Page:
By Karen Mooney, PhD, CMMP, Florida
I am presenting this case to stress several important points: first, the recognition of the potential integrative role of Medical Massage in a patient’s treatment plan; and secondly to demonstrate that the levels of healing and the timeline cannot be hurried and sometimes require consistency and persistence.
Six months after a spinal laminectomy surgery (L4-L5-S1) the 67 year-old male retired insurance agent presented with chronic ‘lower back’ pain (10+) supposedly related to a C-type scoliosis with a rotation. He had a slight head tilt to the right and not only could he not stand in a full upright position, the rotation caused a twist that projected his right shoulder and pelvis forward about 6 inches when he walked. He reported that after back surgery the incision did not heal because of infection. He was on antibiotics and his wound had to be reopened and packed with gauze and local antibiotics until it would slowly heal from the inside outward.
His medical history included a diagnosis of diabetes in 1984 and a “widow maker heart attack” with a bypass surgery 3 years before the back surgery. The list of medications at that time included: Glucotrol XL 20 MG 2 per day, Altace 10 MG 1 per day, Avandia 4MG 1per day, TRICOR 45 MG 1 per day, Lipitor 40 mg 1 per day, coated Aspirin 81 MG 1 per day, Neurontin 300 MG 1- 3 times a day, Mobic 7.5 Mg 1 per day.
The patient recounted his daily routine as waking in pain, struggling to his recliner before breakfast to apply hot packs, breakfast, and back to the chair with more hot packs. He could only walk to the mailbox on his best days. His weight went from 225 to 250 (h 6”2”). He could not participate in any of the activities he enjoyed and was quite depressed.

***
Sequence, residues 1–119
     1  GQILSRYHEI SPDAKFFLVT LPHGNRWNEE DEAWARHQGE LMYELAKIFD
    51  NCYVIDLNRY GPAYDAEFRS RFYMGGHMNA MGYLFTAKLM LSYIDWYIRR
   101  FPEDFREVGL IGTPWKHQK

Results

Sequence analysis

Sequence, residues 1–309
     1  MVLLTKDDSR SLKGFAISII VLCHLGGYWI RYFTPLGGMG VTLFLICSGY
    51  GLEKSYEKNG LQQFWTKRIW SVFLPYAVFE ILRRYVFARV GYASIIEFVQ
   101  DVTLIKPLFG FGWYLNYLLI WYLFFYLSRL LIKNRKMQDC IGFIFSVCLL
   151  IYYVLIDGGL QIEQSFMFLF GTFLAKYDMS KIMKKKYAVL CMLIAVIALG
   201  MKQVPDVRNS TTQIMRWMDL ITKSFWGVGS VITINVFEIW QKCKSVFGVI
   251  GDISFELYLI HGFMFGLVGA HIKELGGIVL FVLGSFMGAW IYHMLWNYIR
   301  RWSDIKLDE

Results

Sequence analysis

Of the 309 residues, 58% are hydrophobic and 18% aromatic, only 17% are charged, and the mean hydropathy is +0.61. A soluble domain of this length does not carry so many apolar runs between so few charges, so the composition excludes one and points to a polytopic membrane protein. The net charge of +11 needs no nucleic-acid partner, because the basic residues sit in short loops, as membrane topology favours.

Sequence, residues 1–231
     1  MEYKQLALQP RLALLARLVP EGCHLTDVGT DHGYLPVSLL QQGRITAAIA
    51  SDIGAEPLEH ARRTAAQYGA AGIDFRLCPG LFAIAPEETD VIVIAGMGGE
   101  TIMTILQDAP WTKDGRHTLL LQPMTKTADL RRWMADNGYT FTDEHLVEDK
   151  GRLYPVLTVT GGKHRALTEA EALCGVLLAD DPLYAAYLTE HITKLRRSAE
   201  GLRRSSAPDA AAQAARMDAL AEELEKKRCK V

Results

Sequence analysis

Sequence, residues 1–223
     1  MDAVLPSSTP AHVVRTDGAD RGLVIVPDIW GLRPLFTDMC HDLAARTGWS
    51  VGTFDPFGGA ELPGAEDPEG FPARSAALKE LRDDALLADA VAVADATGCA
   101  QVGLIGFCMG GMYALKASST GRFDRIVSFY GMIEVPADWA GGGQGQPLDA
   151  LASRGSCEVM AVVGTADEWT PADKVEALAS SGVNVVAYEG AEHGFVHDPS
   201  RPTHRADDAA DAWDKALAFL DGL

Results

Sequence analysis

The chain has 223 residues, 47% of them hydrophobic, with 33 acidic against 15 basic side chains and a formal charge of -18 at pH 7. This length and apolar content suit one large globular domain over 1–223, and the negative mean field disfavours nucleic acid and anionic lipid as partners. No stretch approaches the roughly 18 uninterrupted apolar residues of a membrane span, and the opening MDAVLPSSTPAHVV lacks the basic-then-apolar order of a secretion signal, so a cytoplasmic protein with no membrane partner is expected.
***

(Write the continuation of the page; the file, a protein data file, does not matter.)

After assessment, we discussed a plausible treatment plan. His top priority was pain reduction. To address the pain and the pathology we began a protocol for Lumbalgia (Medical Massage textbook, Volume I p.240) focusing on the quadratus lumborum, the erector spinae, and the rotator spinae muscles. I worked layer by layer reducing tension in the skin, superficial and deep fascia, skeletal muscles (on different levels) and periosteum.
Initially the patient came 2x/week for 6 weeks for this phase of the treatment. The first few weeks his tolerance for pressure increased as the pain level decreased. He was able to reduce his hot pack/ recliner chair routine to less time. The progress was slow but steady. He often said it took many years to develop those dystrophic changes in his body so he was willing to commit to some time to heal. With this commitment and attitude and the quality of the Medical Massage protocol, his progress continued. The patient changed his daily routine slowly as the pain threshold altered. After the first 6 weeks he was able to do some chores and help with the cooking.
We took a two week break to remove my therapy as a factor and re-evaluate the real picture, then resumed treatment, continuing with the same protocol only at a deeper, more intense level. During one session about 4 weeks into this session his spine made a self-adjustment and snapped like a gunshot. This was the first of many such releases of the tension in the lower back muscles.
Because he was adding additional exercise to his life he was experiencing some discomfort from using different muscle groups. We addressed these issues as they emerged. After 6 months of treatment he was standing at his full height and the forward thrust of the right shoulder was at 3 inches.